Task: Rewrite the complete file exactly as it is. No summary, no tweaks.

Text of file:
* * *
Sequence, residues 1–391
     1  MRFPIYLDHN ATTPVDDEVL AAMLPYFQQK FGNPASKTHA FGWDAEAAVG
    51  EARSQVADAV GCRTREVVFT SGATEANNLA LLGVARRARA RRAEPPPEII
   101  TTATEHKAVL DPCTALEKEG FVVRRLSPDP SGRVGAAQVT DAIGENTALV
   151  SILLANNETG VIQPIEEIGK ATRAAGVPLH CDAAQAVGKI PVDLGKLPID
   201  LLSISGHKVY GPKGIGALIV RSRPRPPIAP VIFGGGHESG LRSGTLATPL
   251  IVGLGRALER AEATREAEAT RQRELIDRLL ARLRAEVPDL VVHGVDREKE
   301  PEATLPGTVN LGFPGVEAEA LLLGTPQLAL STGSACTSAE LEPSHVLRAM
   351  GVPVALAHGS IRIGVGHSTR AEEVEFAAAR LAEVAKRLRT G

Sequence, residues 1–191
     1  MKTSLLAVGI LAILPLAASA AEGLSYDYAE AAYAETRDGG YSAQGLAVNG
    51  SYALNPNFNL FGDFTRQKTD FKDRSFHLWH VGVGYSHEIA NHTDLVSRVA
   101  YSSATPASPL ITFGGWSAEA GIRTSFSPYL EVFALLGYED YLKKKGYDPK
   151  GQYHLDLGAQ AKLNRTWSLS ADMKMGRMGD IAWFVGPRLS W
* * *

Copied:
Sequence, residues 1–391
     1  MRFPIYLDHN ATTPVDDEVL AAMLPYFQQK FGNPASKTHA FGWDAEAAVG
    51  EARSQVADAV GCRTREVVFT SGATEANNLA LLGVARRARA RRAEPPPEII
   101  TTATEHKAVL DPCTALEKEG FVVRRLSPDP SGRVGAAQVT DAIGENTALV
   151  SILLANNETG VIQPIEEIGK ATRAAGVPLH CDAAQAVGKI PVDLGKLPID
   201  LLSISGHKVY GPKGIGALIV RSRPRPPIAP VIFGGGHESG LRSGTLATPL
   251  IVGLGRALER AEATREAEAT RQRELIDRLL ARLRAEVPDL VVHGVDREKE
   301  PEATLPGTVN LGFPGVEAEA LLLGTPQLAL STGSACTSAE LEPSHVLRAM
   351  GVPVALAHGS IRIGVGHSTR AEEVEFAAAR LAEVAKRLRT G

Sequence, residues 1–191
     1  MKTSLLAVGI LAILPLAASA AEGLSYDYAE AAYAETRDGG YSAQGLAVNG
    51  SYALNPNFNL FGDFTRQKTD FKDRSFHLWH VGVGYSHEIA NHTDLVSRVA
   101  YSSATPASPL ITFGGWSAEA GIRTSFSPYL EVFALLGYED YLKKKGYDPK
   151  GQYHLDLGAQ AKLNRTWSLS ADMKMGRMGD IAWFVGPRLS W